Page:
Bringing food, dignity to a Bengal village
Maji has been running a coaching centre in Bolpur since 2006; each year, his institute receives almost 250 higher secondary and undergraduate students, who receive tuitions on everything from Bengali language to history and political science.Updated: Apr 30, 2020 05:51 IST
Each night of the past two weeks of the lockdown, 36-year-old Shyamal Maji has been making frequent trips to the villages and outskirts of Santiniketan and Bolpur town in Bengal’s Birbhum district.
His trips were meant to be a secret: he would carry food packets and other essential items like soap and masks, and leave them outside the doors of the huts and shanties of poor residents.
“These people are mainly wage labourers, who have lost their livelihoods. They still go out during the day with the hope of earning a living. But at night they return home. I don’t want to earn fame and want to remain behind the wings. I just want to help these poor people. Third, not all of these people would stand in a queue as some feel ashamed to take help. They would rather go hungry,” said Maji.
Maji has been running a coaching centre in Bolpur since 2006; each year, his institute receives almost 250 higher secondary and undergraduate students, who receive tuitions on everything from Bengali language to history and political science. It was this network that Maji turned to, in order to get both supplies and help in distributing them. By the middle of the month, Maji formed a team comprising 10 students, who would help distribute rations.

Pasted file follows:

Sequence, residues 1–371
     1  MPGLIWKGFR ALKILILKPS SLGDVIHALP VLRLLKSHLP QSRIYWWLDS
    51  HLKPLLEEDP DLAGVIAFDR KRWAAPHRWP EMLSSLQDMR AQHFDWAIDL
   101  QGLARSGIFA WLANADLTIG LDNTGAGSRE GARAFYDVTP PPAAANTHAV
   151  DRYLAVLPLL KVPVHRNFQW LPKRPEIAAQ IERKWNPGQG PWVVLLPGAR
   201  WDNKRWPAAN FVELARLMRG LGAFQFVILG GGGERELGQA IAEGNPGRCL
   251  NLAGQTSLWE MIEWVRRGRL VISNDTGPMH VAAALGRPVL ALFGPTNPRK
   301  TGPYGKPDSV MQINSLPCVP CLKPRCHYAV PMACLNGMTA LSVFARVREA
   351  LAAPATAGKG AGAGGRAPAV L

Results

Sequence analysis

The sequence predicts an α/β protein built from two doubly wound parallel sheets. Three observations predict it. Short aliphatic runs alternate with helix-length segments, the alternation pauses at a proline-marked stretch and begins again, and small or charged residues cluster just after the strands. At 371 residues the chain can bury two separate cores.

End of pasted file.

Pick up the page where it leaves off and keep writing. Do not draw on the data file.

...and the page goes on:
“My students, who are scattered everywhere, helped identify the neediest persons in their respective areas. Help pours in from the students itself. Some are employed, and a few come from well-to-families. All of them donate generously. Many chip in with whatever they can, even packets of puffed rice,” Maji said. Till date they have been able to distribute around 250 kilos of rice and 50 litres of cooking oil, he added.
Puffed rice is an important ingredient of a popular Bengali dish called, jhal muri, made with vegetables, spices and mustard oil.
Each packet that Maji and his students left at doorsteps contained two kilos of rice, potatoes, a few vegetables, cooking oil, salt, puffed rice and a soap.
Since the donations are made daily, the distribution team aims to reach at least 10 houses every day. As the police have stopped issuing travel passes, the team tries to arrange for as many two-wheelers as possible, as only one person can ride one vehicle. During the day, they plan out the areas they will cover at night.
“Sometimes I see people clicking photos while providing relief to poor people. They will provide one kilo of rice to a poor needy man and 15 people will gather to take a photo. Is that what you are providing the relief for?” he asked. Maji added that without his wife’s support — she helps him pack the kits, for instance — he would not have been able to do this each night. The duo has a four-year-old daughter.